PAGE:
The women seemed real and their stories believable. There are some sad moments in the book, but there is also a sense of hope that keeps the reader wanting to know how it will all end for the three women, Su, Lenka and Sammy. Once started, I couldn't put it down. This book has changed the way I view women arriving in the UK and I would recommend it to anyone who wants to read a story about women and their life experiences. It's a compelling read and Michelle Flatley takes you on an emotional journey that will make you think about England and society in general.

A very interesting and unique read which truly deserves my five stars.

My Beautiful England
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5 of 5 people found the following review helpful
on 3 August 2013
I waited a long time for delivery of this book but it was really worth the wait. The book is an insight into the largely unseen but fascinating world of female immigrants in Burnley. The book really drew me in and I was reluctant to put it down it is both entertaining and thought provoking, it has left me wondering about the many women who must be in similar situations in the UK.
In short, a really good book, if you decide not to buy it you really will be missing out.
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4 of 4 people found the following review helpful
on 18 August 2013
My beautifully England is a touching and disturbing accout of three immigrant women coming to England with the hope of a better life. The reality of culture, racism, sexism and unfulfilled dreams hit with hard and crushing blows.
The author has emphatically captured and enabled the reader to look through the terrace windows and gain an insight into the repressed and frustrated lives of three women.

The book is definatley a good read and despite some preconceived ideas I was soon transported into the drama of a new life, the death of a dream and the strength of the human spirit to survive. I found the narrative to be very good and thought provoking. The book deserves my five star rating and is a inspiring must read.

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3 of 3 people found the following review helpful
on 18 August 2013
The writer has sensitively captured the rawness of life in a Northern town for 3 female, immigrants beginning life in the UK. Not the world of 'milk & honey' they were expecting. Michelle Flatley draws on emotion, fear and love for these vulnerable women.
The backdrop is set in a deprived area of Burnley with many social issues linked to a once thriving mill-town. The story seeks to become their 'voice' . My Beautiful England encapsulates "deepest truths with the lies of fiction".
A worthy read .
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1 of 1 people found the following review helpful
on 19 October 2013
I really enjoyed this book - the author is new yet the book reads like the work of an established writer. The subject is thought provoking and I found myself wanting to know more. She presents as knowledgeable in her subject area and I wondered how much of it was based on her experiences which really made me think about what life in a Northern town (I live in one myself) might be like for other nationalities. It was interesting to see it described through the eyes of others as things that I see every day yet am de-sensitised to; (weather, building etc) were remarked upon. I found myself involved in the lives of the women in the book and hoping for happiness for them. The book provides a interesting look through the eyes of three very different women brought together through one common factor - it builds a picture of friendship through good and bad times. I won't spoil the book for those of you yet to read it by telling you whether this worked out for them or not.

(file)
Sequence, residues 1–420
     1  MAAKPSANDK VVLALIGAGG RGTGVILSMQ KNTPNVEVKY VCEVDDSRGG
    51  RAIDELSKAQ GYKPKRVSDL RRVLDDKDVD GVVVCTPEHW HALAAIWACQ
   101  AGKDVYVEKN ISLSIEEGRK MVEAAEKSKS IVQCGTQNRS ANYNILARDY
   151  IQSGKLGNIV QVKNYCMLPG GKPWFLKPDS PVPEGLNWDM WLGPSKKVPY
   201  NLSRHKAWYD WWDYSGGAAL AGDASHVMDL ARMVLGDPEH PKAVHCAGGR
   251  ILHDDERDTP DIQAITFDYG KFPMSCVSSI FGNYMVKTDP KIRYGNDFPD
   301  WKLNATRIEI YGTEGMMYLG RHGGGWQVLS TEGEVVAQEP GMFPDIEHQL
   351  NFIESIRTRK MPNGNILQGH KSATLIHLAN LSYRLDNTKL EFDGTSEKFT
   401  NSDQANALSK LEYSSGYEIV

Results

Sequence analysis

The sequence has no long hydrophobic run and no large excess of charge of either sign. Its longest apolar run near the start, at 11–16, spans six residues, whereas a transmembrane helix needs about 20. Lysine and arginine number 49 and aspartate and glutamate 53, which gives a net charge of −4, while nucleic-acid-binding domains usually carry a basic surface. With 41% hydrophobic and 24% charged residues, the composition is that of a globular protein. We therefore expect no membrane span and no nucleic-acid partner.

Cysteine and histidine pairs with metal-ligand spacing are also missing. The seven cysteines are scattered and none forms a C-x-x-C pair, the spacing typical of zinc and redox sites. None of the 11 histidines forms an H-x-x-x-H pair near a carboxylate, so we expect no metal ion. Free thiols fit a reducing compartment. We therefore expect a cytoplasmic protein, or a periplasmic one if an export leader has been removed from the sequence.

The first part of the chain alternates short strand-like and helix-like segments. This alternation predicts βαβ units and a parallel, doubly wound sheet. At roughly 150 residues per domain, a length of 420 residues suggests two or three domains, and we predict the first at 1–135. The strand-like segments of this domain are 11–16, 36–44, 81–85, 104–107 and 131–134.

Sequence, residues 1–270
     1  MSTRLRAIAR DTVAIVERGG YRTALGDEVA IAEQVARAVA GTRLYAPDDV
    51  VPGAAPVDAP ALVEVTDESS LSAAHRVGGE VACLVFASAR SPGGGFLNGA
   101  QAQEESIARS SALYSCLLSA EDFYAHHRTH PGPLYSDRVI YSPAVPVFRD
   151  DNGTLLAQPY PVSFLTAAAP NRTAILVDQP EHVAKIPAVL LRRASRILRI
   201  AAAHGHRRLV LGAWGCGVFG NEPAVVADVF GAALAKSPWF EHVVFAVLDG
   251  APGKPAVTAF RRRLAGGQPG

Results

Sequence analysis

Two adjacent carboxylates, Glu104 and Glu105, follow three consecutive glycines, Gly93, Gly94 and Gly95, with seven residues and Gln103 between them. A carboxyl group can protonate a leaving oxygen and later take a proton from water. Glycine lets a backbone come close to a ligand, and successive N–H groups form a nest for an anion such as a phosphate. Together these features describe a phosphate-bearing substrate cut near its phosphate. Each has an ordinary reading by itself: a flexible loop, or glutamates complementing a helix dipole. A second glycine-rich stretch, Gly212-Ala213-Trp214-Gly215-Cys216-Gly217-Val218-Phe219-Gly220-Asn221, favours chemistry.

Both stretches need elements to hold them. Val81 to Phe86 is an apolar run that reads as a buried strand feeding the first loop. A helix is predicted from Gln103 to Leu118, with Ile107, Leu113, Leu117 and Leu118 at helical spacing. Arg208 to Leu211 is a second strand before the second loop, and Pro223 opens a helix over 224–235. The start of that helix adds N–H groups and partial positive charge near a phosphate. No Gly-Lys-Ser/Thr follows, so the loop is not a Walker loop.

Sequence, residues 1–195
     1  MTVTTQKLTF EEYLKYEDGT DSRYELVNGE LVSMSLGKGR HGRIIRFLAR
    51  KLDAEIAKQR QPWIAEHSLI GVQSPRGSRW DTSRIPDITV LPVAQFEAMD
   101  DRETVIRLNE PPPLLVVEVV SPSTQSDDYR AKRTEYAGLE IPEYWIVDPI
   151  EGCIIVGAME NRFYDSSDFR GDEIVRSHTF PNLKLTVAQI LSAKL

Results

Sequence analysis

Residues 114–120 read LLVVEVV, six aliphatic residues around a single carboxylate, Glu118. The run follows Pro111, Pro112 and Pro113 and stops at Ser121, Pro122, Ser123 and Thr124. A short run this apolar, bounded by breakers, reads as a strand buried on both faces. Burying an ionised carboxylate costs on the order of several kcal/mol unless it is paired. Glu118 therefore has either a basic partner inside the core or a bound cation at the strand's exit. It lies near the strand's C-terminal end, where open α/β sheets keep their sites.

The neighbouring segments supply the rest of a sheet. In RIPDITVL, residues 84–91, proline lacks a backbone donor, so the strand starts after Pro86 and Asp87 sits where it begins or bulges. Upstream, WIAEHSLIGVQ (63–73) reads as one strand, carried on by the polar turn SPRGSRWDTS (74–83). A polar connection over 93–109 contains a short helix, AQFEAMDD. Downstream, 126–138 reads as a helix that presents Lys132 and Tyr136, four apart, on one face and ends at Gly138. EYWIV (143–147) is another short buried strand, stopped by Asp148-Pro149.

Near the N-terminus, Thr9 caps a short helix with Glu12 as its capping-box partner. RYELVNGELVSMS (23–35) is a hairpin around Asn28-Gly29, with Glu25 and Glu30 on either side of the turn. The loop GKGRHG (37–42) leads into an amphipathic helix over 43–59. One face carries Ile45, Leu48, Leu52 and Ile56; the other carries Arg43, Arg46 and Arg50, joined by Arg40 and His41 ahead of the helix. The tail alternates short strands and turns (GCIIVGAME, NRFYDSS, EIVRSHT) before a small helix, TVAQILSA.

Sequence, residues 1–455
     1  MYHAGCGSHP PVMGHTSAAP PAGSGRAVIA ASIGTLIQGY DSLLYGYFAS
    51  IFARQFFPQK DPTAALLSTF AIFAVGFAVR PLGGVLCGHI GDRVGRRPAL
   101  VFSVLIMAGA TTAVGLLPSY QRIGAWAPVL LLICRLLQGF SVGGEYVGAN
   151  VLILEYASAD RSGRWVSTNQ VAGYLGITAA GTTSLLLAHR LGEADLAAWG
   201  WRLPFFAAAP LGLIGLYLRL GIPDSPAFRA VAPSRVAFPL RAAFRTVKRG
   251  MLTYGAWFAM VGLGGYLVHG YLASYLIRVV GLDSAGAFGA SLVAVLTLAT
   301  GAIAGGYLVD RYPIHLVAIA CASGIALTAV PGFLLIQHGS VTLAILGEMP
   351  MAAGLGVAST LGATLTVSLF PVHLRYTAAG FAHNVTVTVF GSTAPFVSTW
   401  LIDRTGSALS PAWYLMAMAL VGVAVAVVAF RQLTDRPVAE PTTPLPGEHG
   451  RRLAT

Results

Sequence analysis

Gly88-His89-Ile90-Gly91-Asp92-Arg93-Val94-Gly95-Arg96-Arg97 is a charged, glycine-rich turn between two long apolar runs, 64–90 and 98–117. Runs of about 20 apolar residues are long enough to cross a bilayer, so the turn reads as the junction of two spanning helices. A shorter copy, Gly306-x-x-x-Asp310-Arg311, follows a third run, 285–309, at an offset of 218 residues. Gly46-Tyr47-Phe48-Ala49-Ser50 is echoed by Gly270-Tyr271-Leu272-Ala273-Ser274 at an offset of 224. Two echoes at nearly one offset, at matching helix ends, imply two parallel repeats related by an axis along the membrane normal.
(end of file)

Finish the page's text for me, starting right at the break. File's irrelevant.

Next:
It's good to read new talent and this definitely felt like that is what it was. I look forward to reading more from Michelle.
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1 of 1 people found the following review helpful
on 10 October 2013
This isn't the kind of book I would normally read, but as someone who spent some time growing up in Burnley, is married to an immigrant, and has also been an immigrant, it was firmly put on my "to read" list when I heard about it. After all, how many books have been based in Burnley!

This story of the three women and their experiences coming to a town in Northern England was good to read. I could empathise with what they were going through (at least to some degree), and I thought the author did a great job of creating and describing the characters thoughts and experiences. The three women come from vastly different backgrounds and this came through well. At times, I couldn't help feel a little sad and depressed at the situations described, but then that is how life is for some people unfortunately.

Ultimately, given the fluidity of population movement in the modern world, I think this is a book that a lot of people would enjoy, and get something out of.
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2 of 2 people found the following review helpful
on 23 August 2013
This was an incredible book. A thought provoking account of immigrant experiences in Burnley, Lancashire. A compelling read about some uncomfortable issues. It is very well written and the individual accounts are inspiring.